Welcome to Jacksonville Center for Clinical Research


Clinical trials move medicine forward. Sponsors, such as pharmaceutical companies, governments and foundations fund medical research. Patients who participate in clinical research receive many advantages including treatment at no cost, access to expertise and resources such as expensive tests. Research volunteers shape the future and can have fun while helping others and themselves.

 

As a premier clinical research organization, we have conducted more than 2,500 clinical trials over 20 years and have worldwide recognition for providing patients access to cutting edge medical research. If you have a medical issue and want a research solution, or if you are a healthy volunteer, come visit our center and learn more. One of our experts will be happy to evaluate you.


Shape the Future

Clinical research is a process that gives back. Volunteers generate information that improves future health care outcomes for everyone.

Find relief with new treatments

Volunteers join research to seek relief from affliction and to better understand their conditions with support from our caring team.

Programs Offer Resources or Pay

Study participants receive medical tests, services, counseling and treatment at no charge. These measures may be unavailable to the general public!


We do research in many areas


COVID 19 Vaccine


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Our Staff

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Emery Noles

Emery Noles is the VP of Networking and has been with ENCORE Research Group since 2002. She loves to spend time with her husband, her two children and golden retriever; especially while at the beach. During her trips to the beach, she loves to look for shark’s teeth to add to her collection, “once I get started looking for shark’s teeth, I can’t stop…it’s addicting!” Emery also collects wine corks, and for bottles on special occasions, she will write the event and date on the cork. 

Some of Emery’s other favorite things involve: reading, gardening and running. She also loves to watch Modern Family “I can relate to Claire on all accounts!”. When it comes to sports, her favorite teams are East Carolina Pirates and the Florida Gators. During the games you might find one of Emery’s favorite foods pizza or tacos on her dinner table, which are also foods the whole family loves!  

Sharon Smith

Sharon is the Vice President of Recruiting for all 8 sites in which we have over 70 enrolling studies. She is also a nurse, a diabetic educator, and a nutritional expert. She has two twin boys and now has two grandchildren! She is a competitive cyclist and landed on the podium at nationals last year. She is very active and stays fit by riding the bike and going to the gym. She has the sweetest golden lab doggo named Buckwheat who has visited the office a couple of times for hugs. Sharon eats a salad every single day and loves to cook new low carb recipes for her coworkers to try.

Amanda Pratt

Amanda is a research coordinator at JCCR and she is also a nurse. She recently got married, congrats! Her and her husband enjoy watching Netflix together, but they love to be outdoors more than anything. Her hobbies include hunting, fishing, and going to the beach. She loves to cook pasta and eat it too! She has two dogs, a rabbit, and seven chickens.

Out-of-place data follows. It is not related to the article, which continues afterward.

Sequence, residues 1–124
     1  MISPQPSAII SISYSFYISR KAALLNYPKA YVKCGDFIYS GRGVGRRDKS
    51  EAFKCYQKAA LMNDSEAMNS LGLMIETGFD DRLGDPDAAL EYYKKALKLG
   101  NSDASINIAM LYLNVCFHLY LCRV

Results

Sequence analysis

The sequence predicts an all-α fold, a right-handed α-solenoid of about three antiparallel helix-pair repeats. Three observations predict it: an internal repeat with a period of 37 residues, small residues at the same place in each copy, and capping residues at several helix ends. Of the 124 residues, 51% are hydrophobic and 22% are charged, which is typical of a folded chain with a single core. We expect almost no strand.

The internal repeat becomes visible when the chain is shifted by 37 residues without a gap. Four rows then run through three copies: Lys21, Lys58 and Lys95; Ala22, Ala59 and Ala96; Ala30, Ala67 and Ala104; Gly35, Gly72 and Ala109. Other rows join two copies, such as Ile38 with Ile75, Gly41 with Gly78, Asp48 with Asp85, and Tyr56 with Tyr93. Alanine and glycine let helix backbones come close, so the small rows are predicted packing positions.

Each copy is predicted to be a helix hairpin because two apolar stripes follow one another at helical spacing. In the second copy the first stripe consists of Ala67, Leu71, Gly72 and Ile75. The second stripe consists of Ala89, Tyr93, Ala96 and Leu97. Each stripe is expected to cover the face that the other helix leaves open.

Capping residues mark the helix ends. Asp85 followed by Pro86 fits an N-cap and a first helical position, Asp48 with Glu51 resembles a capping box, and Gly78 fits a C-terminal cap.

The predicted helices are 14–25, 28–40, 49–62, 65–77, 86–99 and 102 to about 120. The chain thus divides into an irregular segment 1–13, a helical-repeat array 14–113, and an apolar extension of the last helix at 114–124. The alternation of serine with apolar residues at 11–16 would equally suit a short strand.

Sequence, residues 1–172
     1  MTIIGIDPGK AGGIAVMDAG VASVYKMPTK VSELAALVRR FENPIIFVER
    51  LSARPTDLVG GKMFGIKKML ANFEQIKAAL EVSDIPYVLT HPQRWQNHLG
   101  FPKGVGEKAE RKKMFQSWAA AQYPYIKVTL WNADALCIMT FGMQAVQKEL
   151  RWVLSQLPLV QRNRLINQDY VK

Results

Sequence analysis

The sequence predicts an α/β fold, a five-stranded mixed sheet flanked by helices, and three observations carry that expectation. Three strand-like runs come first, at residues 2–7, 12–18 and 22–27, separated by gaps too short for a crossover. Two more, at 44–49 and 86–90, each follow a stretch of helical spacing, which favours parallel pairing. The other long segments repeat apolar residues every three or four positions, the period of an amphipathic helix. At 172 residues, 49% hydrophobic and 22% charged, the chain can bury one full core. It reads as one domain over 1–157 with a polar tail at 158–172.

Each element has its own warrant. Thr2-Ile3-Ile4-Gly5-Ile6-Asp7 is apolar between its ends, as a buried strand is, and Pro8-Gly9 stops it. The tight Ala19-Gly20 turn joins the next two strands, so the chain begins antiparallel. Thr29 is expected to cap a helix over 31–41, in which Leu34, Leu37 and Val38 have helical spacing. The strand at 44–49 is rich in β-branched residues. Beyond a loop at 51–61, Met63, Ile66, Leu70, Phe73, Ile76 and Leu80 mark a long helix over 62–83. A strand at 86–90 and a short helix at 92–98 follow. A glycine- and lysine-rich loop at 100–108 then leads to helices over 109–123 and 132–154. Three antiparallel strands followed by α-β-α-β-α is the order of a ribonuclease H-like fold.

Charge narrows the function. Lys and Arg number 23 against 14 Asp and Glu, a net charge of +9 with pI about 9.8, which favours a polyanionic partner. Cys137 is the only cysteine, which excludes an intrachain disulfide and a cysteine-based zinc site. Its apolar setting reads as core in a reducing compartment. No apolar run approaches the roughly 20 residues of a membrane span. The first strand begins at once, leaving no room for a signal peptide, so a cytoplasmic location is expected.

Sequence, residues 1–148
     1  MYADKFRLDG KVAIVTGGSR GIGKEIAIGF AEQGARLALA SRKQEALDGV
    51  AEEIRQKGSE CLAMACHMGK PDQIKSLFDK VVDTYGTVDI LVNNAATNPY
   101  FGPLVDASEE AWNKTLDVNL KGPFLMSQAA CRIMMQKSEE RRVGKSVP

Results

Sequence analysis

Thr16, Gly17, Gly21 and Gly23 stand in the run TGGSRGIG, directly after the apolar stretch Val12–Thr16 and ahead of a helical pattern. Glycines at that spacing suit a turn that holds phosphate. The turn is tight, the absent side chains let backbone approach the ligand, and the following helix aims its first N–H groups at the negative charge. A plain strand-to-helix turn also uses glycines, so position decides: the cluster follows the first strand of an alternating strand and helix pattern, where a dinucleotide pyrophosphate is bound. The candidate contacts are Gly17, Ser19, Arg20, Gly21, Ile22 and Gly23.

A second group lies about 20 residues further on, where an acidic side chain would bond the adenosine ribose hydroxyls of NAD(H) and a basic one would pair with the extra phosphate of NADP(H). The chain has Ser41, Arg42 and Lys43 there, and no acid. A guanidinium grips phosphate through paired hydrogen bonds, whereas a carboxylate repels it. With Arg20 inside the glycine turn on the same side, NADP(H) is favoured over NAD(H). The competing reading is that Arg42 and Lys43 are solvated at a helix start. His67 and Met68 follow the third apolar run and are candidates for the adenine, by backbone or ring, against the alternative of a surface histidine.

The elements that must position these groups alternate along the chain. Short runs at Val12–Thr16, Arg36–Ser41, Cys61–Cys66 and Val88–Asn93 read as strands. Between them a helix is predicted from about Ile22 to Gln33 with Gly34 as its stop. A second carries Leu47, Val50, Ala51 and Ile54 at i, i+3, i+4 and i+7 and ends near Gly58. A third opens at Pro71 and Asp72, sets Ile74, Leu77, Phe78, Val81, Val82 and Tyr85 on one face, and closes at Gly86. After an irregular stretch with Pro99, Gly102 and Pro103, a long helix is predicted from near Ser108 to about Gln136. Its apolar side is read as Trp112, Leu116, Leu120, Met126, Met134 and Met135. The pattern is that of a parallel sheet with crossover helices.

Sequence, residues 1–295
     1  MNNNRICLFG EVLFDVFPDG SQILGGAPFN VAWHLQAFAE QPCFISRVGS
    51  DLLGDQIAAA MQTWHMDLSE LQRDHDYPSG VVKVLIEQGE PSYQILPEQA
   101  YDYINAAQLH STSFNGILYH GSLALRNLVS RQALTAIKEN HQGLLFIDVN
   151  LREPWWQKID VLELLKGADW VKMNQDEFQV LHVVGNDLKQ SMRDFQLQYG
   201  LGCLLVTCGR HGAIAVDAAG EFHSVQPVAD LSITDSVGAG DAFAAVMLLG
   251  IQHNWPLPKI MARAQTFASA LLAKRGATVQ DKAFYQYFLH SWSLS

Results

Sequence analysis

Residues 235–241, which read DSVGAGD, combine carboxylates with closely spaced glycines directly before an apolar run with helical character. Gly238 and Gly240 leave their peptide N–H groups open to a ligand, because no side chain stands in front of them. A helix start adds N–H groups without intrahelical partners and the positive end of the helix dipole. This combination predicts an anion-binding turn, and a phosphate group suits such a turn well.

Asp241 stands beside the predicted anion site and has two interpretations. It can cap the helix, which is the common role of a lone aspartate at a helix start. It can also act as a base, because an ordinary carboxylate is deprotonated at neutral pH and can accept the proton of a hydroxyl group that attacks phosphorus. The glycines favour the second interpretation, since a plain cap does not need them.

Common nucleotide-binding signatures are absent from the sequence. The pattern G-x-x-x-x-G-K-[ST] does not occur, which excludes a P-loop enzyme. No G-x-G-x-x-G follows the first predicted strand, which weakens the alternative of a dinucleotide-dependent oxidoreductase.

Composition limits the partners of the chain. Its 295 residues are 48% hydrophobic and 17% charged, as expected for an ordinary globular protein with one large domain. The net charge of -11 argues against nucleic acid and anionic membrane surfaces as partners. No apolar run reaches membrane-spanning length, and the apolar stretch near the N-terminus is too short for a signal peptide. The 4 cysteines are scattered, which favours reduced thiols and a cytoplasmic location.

Lastest Blog Post:


What Are Triglycerides?

What Are Triglycerides?

Triglycerides are a type of fat (lipid) found in your blood.  You get them in two ways – from the food you eat and from what your liver makes.  Eating too many calories, especially from high carbohydrate foods, could lead to high triglycerides (hypertriglyceridemia), as could certain medications.  High triglycerides could also be a sign of diabetes or thyroid problems, or be genetic.

Almost 1 in 3 Americans have high triglycerides.  When you have excess triglycerides, they are stored in the fat cells for later use.  When they are needed, your body releases them as fatty acids, which fuel body movement, create heat, and provide energy for the body processes.

A fasting blood test can tell where your triglyceride level falls.  For good health, your triglyceride level should be less than 150 mg/dL.  Borderline high levels are 150-199 mg/dL.  High is 200-499 mg/dL.   Very high is more than 500 mg/dL

Diet and Lifestyle Changes to reduce High Triglycerides
Consume less sugar and refined carbohydrates – limit white breads, white rice, white potatoes, sweetened beverages, sugary cereals, cakes and cookies.  Instead choose whole grain breads, quinoa or wild rice, and fresh fruits and vegetables. Aim for 30 grams of fiber a day.

Choose Healthy fats – use unsaturated fats such as olive and avocado oils.  Eat fish, poultry, less red meat, and enjoy some meatless meals. 

Limit your intake of alcohol – for some people drinking even a little bit can have a big effect on triglycerides. 

One of the best ways to lower triglycerides is with regular exercise.  Aim for an average of 40 minutes of moderate to high intensity exercise on 3 to 4 days a week.  Taking a brisk walk every day works for many people.

When Healthy Lifestyle Changes Are Not Enough
Your doctor may recommend medication to help lower your high triglycerides, such as nicotinic acid (niacin), fibrates, omega-3-fatty acids (fish oil) or statins.  There are also some new medications being developed that may not only lower your triglycerides, but reduce your risk of heart disease overall.  Many of our research sites are participating in these important clinical trials.  We invite you to contact one of our sites near you to see if you could benefit from one of these programs.

Lori Alexander, MSHS, RDN, CCRC, CLS, FNLA
Director, ENCORE Lipid Center of Excellence


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